At Ridge Ventures, we believe in flexibility and a deep founder focus, and Ben’s addition strengthens that ethos. Ben provides a background and fresh perspective that we welcome and value: he understands the needs of today’s founders better than most investors, drawing from his time learning about technology and scaling businesses with no formal university background. He also helps expand Ridge’s network among young, ambitious founders so we can continue to work with the best and brightest.

We look forward to having Ben on the team. You can reach him at ben@ridge.vc.

– Alex

AdTech, MarTech, and RampUp Reply

I had an enjoyable panel discussion with several highly accomplished industry operators and investors at last month’s Ramp2017 event. One discussion topic was of particular interest to me: the adversity in the AdTech industry from an investment perspective. While I recognize the challenges, I personally remain deeply interested in this area.

While MarTech has become the more popular nomenclature, in reality, most companies in both AdTech and MarTech are addressing similar problems. As Shakespeare once said, “a rose by any other name would smell just as sweet.” So what I’m discussing encompasses both AdTech and MarTech. More…

Podcast With Harry Stebbings on SaaS Startups and More Reply

I was recently a guest on The Official SaaStr Podcast hosted by Harry Stebbing. Harry and I had a great discussion that ranged from the (un)importance of early-stage SaaS metrics, to the intricacies of software pricing, to the ways in which term sheets can be simplified.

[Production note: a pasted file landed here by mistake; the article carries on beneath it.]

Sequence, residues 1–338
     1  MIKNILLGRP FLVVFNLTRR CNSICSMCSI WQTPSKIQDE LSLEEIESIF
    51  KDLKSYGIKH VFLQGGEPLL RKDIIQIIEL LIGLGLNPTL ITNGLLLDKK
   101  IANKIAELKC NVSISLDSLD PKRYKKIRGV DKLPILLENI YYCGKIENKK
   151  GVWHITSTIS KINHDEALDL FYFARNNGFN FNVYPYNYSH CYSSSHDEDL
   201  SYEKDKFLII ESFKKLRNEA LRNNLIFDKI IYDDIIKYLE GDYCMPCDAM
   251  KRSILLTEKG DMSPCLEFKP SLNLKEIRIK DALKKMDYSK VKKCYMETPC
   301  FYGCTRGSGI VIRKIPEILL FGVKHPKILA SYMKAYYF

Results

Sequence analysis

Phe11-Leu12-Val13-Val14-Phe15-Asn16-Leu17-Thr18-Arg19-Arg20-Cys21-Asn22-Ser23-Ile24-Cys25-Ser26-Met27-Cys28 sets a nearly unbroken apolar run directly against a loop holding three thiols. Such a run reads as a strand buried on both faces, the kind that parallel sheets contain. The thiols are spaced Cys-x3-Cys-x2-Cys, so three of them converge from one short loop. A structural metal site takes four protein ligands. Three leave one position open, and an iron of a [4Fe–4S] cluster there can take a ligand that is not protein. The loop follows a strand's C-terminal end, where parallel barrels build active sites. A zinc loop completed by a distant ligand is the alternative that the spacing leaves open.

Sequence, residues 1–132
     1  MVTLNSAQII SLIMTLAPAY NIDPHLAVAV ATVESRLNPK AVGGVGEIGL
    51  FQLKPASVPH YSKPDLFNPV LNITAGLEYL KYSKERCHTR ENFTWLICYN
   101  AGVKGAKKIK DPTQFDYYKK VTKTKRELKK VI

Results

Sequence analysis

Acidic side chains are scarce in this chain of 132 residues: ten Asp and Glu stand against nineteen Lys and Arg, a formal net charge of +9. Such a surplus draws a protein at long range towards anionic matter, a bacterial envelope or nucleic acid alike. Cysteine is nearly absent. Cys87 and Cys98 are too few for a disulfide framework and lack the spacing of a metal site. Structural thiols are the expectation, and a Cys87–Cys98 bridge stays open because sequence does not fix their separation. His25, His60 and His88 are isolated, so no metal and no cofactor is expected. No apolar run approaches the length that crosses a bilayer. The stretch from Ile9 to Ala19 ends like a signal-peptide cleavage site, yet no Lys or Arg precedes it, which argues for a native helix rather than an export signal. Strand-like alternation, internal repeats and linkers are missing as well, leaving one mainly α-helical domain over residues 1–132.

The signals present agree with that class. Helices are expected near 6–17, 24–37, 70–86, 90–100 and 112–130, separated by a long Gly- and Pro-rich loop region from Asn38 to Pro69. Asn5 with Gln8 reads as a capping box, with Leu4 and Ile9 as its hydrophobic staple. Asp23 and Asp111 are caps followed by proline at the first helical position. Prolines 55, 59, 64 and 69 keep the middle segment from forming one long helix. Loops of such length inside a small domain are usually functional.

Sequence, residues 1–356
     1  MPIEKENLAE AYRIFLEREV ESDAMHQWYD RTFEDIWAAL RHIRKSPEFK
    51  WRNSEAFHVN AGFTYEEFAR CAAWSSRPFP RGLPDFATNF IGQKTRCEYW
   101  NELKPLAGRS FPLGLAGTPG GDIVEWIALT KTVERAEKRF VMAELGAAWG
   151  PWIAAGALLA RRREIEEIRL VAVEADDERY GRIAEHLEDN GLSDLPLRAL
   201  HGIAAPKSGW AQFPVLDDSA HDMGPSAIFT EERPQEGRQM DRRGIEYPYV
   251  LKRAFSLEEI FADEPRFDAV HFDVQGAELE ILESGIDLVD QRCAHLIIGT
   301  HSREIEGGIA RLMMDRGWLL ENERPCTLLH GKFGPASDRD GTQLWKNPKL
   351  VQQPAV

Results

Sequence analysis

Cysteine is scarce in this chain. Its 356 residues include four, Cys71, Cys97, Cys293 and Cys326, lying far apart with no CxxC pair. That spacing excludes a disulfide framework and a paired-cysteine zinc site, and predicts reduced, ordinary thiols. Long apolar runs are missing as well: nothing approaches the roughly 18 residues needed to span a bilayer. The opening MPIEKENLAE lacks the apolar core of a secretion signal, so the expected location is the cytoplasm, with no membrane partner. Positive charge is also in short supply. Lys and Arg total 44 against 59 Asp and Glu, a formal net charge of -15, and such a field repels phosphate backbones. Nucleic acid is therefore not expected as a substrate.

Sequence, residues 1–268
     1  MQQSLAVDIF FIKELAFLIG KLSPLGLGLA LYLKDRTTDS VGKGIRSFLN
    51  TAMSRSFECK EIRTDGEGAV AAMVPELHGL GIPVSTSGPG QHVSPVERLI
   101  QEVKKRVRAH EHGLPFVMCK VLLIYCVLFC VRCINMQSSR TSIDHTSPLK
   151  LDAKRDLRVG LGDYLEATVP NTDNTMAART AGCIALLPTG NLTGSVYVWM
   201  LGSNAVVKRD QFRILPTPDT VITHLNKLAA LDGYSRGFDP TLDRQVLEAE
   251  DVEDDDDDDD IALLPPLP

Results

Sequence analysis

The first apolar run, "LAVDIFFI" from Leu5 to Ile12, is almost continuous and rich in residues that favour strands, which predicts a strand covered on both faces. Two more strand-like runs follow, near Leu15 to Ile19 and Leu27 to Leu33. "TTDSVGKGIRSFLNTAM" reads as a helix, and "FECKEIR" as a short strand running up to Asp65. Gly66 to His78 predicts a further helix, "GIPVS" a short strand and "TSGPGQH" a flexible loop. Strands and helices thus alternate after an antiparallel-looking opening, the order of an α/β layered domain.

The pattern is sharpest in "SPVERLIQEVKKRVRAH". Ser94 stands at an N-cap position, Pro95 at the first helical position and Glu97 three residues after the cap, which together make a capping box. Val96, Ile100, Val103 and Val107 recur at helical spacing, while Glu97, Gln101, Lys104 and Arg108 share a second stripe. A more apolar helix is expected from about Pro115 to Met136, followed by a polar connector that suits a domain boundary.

Before we delved into all that good stuff, Harry had me talk about my background and the formative experiences that led me to a career in venture capital. The quick history is that I first encountered––and fell in love with––computers when I was 13. To fund the purchase of my first computer, an Apple IIe, I taught coding classes at the local Apple dealer. Coding work also paid the bills for my college education at MIT, where I majored in electrical engineering and economics. My foray into venture happened before business school, when I landed a job at a venture firm in New York. More…

Big Welcome to Autumn Manning and the YouEarnedIt Team Reply

youearnedit-logo-28129I’m delighted to announce a new addition to our portfolio: YouEarnedIt, an Austin-based SaaS HR company that helps drive employee engagement and company performance metrics. IDG Ventures co-led the $6.5M Series A round with Silverton Partners.

We often get asked what we look for in our investments. In many ways YouEarnedIt perfectly exemplifies our investment criteria: Series A, founder-led team, capital efficient, technology solving a real problem with a SaaS model, large and growing market, and great co-investor. More…